An Arkansas Court has denied the Arkansas Attorney General’s motion to remove General Tobacco’s cigarette brands from the directory of approved brands to sell in that state and ordered the Arkansas Attorney General to arbitrate the dispute ordered in 2006, holding that General Tobacco’s cigarette brands may continue to be sold lawfully in Arkansas.
Since the Arkansas Attorney General served as the identical voice for the other 42 attorneys general, they may now be legally bound to the Arkansas order.
General Tobacco believes that the order, issued by the Circuit Court of Pulaski County on Jan. 26, 2010, should prevent not only Arkansas, but any other state that is part of the Master Settlement Agreement (MSA) from delisting General Tobacco’s brands. Arkansas is the only state that brought a court action to determine whether the delisting of General Tobacco’s cigarette brands is proper. None of the states that have announced the delisting of the brands sought any court’s permission to do so. Now that a Court has ruled that delisting of the brands may not proceed, General Tobacco has asked all of the states in the MSA to comply with that court’s order.
While General Tobacco is hopeful that delisting issues with various States will be resolved promptly and in compliance with the Arkansas court’s order, the company has requested that its customers continue to respect the delisting dates that were previously announced by certain states until those states confirm whether or not they will follow the court’s order that General Tobacco’s brands not be delisted.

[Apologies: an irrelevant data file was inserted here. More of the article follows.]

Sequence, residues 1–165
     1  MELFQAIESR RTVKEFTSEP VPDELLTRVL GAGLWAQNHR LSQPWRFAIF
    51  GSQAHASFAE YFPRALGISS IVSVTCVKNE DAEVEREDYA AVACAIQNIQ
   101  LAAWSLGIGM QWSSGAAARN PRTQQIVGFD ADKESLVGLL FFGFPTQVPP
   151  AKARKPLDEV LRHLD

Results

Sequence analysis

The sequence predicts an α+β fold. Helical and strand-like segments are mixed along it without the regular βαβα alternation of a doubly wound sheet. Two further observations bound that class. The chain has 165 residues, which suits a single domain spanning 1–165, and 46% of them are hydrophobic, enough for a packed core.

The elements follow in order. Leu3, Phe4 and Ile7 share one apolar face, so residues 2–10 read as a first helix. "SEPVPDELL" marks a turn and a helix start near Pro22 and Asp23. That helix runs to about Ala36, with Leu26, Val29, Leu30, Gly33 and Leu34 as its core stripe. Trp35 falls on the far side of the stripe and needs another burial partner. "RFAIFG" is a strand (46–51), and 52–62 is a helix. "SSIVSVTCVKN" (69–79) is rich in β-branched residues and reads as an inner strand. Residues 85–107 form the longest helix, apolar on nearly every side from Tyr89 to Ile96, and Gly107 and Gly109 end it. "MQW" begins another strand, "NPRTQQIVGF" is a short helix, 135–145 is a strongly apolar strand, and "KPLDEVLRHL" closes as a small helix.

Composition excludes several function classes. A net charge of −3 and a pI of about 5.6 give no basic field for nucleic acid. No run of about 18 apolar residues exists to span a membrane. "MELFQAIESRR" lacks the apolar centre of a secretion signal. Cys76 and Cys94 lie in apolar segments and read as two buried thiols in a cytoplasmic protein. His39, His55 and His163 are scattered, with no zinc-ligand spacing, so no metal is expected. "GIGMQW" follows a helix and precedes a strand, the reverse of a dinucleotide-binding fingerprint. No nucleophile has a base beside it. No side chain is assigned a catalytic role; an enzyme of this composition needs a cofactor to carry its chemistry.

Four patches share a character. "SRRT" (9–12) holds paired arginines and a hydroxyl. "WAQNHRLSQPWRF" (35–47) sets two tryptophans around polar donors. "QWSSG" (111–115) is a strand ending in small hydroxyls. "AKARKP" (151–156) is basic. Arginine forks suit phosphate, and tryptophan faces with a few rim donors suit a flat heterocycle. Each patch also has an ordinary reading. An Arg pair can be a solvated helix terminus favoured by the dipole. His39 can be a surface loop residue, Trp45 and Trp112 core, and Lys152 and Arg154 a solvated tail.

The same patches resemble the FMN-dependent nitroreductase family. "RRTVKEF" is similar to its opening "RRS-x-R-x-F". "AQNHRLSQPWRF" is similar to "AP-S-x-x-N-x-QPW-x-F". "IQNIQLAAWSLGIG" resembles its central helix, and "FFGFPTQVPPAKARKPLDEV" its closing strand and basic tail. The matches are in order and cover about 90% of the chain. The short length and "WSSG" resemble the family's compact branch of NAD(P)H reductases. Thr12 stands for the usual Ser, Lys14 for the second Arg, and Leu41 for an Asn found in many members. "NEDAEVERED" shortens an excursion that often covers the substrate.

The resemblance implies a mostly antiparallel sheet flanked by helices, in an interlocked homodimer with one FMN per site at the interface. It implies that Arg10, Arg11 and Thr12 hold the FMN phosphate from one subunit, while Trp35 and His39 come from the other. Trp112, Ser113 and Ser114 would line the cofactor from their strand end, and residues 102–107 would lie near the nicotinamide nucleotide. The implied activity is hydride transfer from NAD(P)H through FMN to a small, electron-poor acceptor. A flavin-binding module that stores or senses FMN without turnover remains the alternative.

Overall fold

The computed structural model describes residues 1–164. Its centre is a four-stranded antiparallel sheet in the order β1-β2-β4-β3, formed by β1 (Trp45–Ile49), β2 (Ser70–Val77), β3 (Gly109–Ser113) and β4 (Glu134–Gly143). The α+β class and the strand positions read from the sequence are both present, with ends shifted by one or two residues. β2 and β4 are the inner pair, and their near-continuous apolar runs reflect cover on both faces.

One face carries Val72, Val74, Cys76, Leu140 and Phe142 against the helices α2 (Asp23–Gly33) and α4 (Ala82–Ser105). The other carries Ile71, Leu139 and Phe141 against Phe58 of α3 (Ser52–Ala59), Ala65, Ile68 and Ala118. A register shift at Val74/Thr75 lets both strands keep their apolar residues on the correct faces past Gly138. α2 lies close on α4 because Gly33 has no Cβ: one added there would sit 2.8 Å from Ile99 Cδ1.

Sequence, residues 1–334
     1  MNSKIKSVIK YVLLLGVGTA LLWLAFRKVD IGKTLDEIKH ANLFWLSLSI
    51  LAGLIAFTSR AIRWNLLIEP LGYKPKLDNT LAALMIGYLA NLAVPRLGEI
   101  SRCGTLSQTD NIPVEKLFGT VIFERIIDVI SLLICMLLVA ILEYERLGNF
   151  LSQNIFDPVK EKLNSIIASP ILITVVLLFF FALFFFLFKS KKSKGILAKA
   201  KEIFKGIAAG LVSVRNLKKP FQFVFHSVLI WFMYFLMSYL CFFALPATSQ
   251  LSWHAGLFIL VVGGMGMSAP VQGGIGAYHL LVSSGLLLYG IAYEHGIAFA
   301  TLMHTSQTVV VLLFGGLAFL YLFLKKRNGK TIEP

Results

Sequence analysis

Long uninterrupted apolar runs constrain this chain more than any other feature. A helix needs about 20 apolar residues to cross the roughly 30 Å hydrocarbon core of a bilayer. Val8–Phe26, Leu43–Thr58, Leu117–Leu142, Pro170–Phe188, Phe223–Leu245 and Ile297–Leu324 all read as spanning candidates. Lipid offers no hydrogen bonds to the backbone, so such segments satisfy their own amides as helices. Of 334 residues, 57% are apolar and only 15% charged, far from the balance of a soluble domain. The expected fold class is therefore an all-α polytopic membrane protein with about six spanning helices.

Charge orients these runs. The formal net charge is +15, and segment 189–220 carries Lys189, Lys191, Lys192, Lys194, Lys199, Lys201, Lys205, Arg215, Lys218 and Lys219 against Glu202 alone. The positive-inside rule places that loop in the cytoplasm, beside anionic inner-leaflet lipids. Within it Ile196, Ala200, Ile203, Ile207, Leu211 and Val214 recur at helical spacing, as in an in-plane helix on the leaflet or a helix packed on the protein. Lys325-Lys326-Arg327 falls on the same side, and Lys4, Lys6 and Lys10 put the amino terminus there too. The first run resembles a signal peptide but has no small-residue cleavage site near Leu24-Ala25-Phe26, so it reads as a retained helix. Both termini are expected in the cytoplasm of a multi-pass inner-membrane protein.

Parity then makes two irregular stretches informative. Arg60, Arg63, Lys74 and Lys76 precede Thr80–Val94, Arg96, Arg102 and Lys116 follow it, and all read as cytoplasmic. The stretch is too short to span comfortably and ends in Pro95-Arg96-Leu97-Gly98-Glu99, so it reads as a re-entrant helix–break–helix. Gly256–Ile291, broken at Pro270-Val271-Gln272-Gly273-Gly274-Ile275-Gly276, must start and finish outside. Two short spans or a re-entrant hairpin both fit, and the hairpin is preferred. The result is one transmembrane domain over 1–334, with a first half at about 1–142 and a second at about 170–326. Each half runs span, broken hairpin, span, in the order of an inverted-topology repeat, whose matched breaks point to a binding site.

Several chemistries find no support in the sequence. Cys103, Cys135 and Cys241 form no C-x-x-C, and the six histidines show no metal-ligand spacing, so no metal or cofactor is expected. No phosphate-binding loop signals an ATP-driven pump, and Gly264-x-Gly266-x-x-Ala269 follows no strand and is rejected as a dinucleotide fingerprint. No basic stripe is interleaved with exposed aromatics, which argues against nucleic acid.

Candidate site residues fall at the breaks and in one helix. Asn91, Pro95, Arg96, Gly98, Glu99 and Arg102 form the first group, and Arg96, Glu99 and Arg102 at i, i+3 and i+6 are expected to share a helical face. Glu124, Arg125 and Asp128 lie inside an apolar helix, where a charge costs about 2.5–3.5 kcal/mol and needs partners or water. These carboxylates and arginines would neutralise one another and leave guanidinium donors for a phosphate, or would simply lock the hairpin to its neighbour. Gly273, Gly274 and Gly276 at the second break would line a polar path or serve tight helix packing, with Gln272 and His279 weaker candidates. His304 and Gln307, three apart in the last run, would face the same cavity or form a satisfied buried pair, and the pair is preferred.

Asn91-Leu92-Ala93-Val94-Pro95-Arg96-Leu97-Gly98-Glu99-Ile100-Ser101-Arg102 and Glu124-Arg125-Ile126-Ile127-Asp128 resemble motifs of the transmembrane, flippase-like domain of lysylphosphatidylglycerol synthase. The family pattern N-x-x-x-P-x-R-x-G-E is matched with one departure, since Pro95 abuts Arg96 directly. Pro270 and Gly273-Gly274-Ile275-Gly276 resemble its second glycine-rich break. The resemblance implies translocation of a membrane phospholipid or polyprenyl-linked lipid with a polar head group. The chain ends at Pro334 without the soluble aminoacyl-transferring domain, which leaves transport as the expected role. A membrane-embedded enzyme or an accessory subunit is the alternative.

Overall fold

J. Ronald Denman executive vice president of General Tobacco, said he plans on exploring remedies against other states that unfairly delisted General Tobacco leading to millions of dollars in losses, as well as improperly demanding General Tobacco’s customers pay them directly rather than General Tobacco.
On Jan. 14, 2010, General Tobacco raised its challenges to the MSA in papers filed in opposition to an action brought by the State of Arkansas in Pulaski County Circuit Court in Little Rock, Ark. General Tobacco also filed a notice to appeal to the U.S. Court of Appeals for the Sixth Circuit on Jan. 13, 2010 a decision of the U.S. District Court for the Western District of Kentucky in a case challenging the MSA brought by General Tobacco against all of the 46 States, the District of Columbia, five U.S. island territories and major cigarette manufacturers that are part of the MSA.
The MSA was created in 1998 by the 46 States, the District of Columbia and five U.S. island territories, along with the mega-tobacco companies, which then controlled more than 97% of the market.
“The MSA was structured so that certain companies in the market in 1998 would receive future preferential payment terms while ‘new members’ such as General Tobacco would have to pay substantially more than the original preferred members. In both the Arkansas and Kentucky cases, General Tobacco has challenged the validity of the MSA’s unequal payment terms,” General Tobacco noted in a press release.